Croatians head to polls for 2nd time in 10 months

Croatia votes in a snap parliamentary election on Sunday, but it is unlikely to deliver strong leadership for a country facing chronic economic woes, rising tension with neighbouring Serbia and a potential resurgence of the refugee crisis.

"The result of this election could easily be an introduction into another election soon", said Kosor. The uncertainty is fueling fears of prolonged instability that could hamper reform.

Although more advanced than other Balkan countries, Croatia has one of the weakest economies in the European Union following years of crisis after the 1991-95 war fueled by the split from the former Yugoslavia. Growth of 2.5 percent expected this year is far short of the 4 percent growth that would be needed to make a dent on persistent low living standards, analysts say. However, unemployment hovers around 14 percent - among the highest in the European Union - and much of the fiscal growth is attributed to tourism along Croatia's Adriatic coast.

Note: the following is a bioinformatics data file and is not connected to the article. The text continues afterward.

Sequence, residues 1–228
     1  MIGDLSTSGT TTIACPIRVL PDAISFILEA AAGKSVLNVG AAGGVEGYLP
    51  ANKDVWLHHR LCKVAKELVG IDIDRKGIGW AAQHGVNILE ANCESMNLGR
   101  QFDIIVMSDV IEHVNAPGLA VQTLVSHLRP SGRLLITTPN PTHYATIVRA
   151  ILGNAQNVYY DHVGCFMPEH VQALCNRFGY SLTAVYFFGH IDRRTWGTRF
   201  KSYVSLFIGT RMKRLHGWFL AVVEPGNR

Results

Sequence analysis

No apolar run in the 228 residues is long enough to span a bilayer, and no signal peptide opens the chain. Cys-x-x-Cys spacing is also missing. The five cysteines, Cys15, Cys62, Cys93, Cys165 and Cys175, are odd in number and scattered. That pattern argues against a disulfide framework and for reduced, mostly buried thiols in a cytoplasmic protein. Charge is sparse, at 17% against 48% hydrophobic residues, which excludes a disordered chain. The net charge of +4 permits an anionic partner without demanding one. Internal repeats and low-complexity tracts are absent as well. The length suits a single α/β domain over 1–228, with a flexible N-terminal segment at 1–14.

"A serious job is waiting for a serious government that is ready to tackle problems which should have been dealt with long ago", Deranja said.

There had been rows over political appointments, public administration reforms and a conflict of interest case. It formed a government with HDZ, but it didn't work well and the coalition government collapsed.

The more moderate leader, who took over from right-leaning Tomislav Karamarko earlier this summer, said Sunday he expects high turnout among Croatia's almost 3.8 million voters.

"The best advice in this situation would be just to take care of oneself and mind one's own business", he said.

Croatia is the European Union's newest member.

"With HDZ in power we have witnessed Croatia flirting with values that are inconceivable for a modern European country", Morana, who did not give her last name, ahead of the vote. "It is a huge change". With the Social Democrats, led by former Prime Minister Zoran Milanovic, fighting to retake power, the close finish may trigger political horse trading and stall efforts to push through an economic overhaul to help the country of 4.2 million rebuild after a record recession ended in 2014. But, Milanovic too has played the nationalist card, meeting with the Croatian war veterans and clashing openly with Serbia.

In a sign of an aversion to a politics that has come to be dominated by populous gestures over recent months, Croats voted in smaller numbers than last time, and lent support to populist parties, like the leftist Zivi Zid ("Human Shield") party, which went from one seat to seven.

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